And that's why you can persist for a little bit. Bear market rallies can be short. I call them short, sharp, and ferocious. You can get them.

You know, you can get them. They can persist for a little while. But ultimately, you know, ultimately, we haven't changed the monetary backdrop in such a way that makes me think we're ready to see a lasting rally.

- So it sounds like you're saying don't be fooled by these short, ferocious rallies.

STEVE SOSNICK: Don't be fooled. It's tough not to-- it's tough. Don't be seduced by them I think is probably the word I would use.

But also, don't fight the Fed. It worked for us so well for so many years. What are you doing now if you're going to go all in?

You could be tactical. I think that's very important to be able to be tactical, and nimble. But right now, most-- you really don't get bottoms until or unless you see some sort of change in fiscal or monetary policy. I don't see that right now.

- You study a lot of data, Steve. Are you seeing any surprising moves right now, things that have caught your attention and made you go, hm, in the past week? Sector, stocks, you name it.

STEVE SOSNICK: I think the thing that's made me go, hm, the most is the positive-- is that earnings are being taken with a glass half full approach right now.

- Positive reactions post--

STEVE SOSNICK: Yeah, think about it. We've had some negatives, but they really haven't caused us to stumble. I hate leading with banks.

I've called them the cocktail hour for the earnings season because they're really somewhat irrelevant except for psychology. JP Morgan was down a bit, but Citigroup rallied 15%, and then JP Morgan caught up. Yesterday, IBM earnings, IBM earnings kind of tend to always stink. But they were down, and nobody noticed.

You were talking about Netflix earlier. Netflix is doing-- Netflix is getting a positive reaction to some mediocre news. So I think that, to me, is the most interesting factor. At least as of now, the market is being able to shrug off bad news better than it had been in the last two quarters.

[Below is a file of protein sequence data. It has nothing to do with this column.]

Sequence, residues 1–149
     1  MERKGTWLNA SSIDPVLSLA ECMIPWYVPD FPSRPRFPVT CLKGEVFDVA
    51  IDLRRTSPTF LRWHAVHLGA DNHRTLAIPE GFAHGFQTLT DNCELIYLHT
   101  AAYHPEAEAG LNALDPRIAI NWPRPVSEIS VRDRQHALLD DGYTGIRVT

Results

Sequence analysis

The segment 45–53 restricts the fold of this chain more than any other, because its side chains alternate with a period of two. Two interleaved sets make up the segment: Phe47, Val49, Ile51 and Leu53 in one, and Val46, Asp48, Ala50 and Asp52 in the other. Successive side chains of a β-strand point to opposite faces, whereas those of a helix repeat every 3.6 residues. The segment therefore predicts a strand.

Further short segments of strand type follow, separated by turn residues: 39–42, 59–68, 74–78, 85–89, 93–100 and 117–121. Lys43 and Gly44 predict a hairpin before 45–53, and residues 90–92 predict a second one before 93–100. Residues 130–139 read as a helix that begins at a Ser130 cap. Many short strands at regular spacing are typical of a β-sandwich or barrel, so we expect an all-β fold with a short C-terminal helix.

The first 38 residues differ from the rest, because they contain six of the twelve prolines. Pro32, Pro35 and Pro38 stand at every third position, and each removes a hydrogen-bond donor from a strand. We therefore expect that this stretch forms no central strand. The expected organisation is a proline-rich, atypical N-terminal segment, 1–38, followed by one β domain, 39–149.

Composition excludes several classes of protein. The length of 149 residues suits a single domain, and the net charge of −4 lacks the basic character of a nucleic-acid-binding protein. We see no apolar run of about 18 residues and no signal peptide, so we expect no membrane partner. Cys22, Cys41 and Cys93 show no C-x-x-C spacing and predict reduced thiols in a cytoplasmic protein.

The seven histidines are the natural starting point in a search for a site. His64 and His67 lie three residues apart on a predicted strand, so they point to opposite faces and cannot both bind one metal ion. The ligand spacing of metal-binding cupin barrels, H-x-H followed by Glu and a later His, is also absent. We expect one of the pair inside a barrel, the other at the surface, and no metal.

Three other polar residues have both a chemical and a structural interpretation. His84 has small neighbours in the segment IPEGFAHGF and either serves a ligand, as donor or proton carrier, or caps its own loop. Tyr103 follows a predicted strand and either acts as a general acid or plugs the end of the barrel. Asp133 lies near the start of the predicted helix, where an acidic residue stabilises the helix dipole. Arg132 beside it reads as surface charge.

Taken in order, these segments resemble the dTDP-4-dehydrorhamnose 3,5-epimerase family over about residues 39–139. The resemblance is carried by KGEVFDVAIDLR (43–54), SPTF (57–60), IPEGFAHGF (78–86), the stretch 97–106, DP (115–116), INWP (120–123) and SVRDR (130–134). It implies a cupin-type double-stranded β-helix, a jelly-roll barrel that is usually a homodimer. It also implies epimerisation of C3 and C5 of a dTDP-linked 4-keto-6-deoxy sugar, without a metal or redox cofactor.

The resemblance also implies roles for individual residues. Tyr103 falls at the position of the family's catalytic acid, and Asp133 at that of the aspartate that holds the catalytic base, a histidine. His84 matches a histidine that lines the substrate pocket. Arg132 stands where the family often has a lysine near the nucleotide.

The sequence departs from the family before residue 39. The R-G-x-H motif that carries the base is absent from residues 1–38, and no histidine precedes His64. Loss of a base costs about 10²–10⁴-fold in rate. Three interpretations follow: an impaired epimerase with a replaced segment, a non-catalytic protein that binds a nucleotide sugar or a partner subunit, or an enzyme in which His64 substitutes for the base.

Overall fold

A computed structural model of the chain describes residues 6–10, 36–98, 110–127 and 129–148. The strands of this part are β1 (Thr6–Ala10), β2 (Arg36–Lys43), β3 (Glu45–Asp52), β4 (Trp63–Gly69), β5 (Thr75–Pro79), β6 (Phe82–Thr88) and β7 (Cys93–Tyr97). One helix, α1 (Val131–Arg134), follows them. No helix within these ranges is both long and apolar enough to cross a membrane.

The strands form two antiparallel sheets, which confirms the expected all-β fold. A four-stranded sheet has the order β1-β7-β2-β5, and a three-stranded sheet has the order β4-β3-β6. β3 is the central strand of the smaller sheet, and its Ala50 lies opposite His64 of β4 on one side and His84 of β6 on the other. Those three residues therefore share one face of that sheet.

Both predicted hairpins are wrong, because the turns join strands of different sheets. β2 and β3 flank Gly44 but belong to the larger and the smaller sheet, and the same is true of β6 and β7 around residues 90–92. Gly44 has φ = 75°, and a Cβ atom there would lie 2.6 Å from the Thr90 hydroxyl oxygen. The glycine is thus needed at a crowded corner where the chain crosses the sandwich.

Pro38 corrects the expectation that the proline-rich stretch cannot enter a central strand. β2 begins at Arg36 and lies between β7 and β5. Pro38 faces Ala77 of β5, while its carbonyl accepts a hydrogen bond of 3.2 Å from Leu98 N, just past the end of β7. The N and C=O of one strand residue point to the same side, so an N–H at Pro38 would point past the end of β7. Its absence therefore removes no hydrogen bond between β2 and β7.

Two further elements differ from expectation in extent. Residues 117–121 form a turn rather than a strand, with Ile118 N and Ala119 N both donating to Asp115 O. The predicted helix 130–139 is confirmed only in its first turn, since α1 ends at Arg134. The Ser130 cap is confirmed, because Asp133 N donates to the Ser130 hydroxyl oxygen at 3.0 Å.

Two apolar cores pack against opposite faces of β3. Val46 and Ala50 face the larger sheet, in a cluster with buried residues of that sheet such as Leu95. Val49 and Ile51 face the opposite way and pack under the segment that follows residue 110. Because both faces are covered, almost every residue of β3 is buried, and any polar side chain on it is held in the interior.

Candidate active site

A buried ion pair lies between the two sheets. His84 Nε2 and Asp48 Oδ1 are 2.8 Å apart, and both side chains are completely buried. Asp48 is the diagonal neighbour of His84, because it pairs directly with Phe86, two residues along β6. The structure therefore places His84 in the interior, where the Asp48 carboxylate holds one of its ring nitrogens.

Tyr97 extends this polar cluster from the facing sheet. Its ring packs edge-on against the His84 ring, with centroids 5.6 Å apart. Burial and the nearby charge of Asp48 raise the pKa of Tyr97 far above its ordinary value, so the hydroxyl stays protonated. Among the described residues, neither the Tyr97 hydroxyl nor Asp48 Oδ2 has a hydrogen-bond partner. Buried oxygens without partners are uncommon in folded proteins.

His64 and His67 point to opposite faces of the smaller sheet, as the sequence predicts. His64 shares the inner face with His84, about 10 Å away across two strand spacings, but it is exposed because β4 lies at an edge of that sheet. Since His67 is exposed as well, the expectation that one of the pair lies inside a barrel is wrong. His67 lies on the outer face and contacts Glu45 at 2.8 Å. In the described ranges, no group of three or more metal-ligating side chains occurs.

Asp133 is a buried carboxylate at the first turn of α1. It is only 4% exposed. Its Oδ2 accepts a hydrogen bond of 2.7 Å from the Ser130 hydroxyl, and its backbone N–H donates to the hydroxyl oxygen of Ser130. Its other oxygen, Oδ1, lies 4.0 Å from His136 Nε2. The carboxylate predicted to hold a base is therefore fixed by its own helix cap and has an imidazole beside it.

I mean, think of what we did to Amazon and Meta and Netflix twice before. So being able to shrug that off and being able to take reasonably good news as a fairly decent positive. That's a good psychological factor right now.

- Markets will price in a recession well before it actually happens in reality or even technically. So with that in mind, how long do you expect people to stay or portfolios to stay as defensive as they are right now?

STEVE SOSNICK: I think until we really see where the end is in sight. I've asserted that the Fed actually raised rates in a recession. I think you don't know that you're in a recession until it's hindsight.

I think the NBER will probably not say that we're in a recession, but I think the GDP numbers that will come out next week will say that we have been with two consecutive negative quarters. The Atlanta Fed now, GDP for the second quarter is negative, and we had a negative first quarter. So the question is, though, we're sort of doing too well to be that major recession that's going to get-- that's going to change policy.

Actually, again, this is one of these careful what you wish for things. But a real negative reaction, I think, gets a policy change. I think sort of a growth recession like we're seeing, sort of a modest recession with a lot of inflation, isn't going to change things right now.

- All right, well, we appreciate that little bit of optimism. Interactive Brokers chief strategist Steve Sosnick, always good to see Thanks for coming in to the studio.

STEVE SOSNICK: My pleasure. Thanks for having me.

- We'll see you soon. Take care.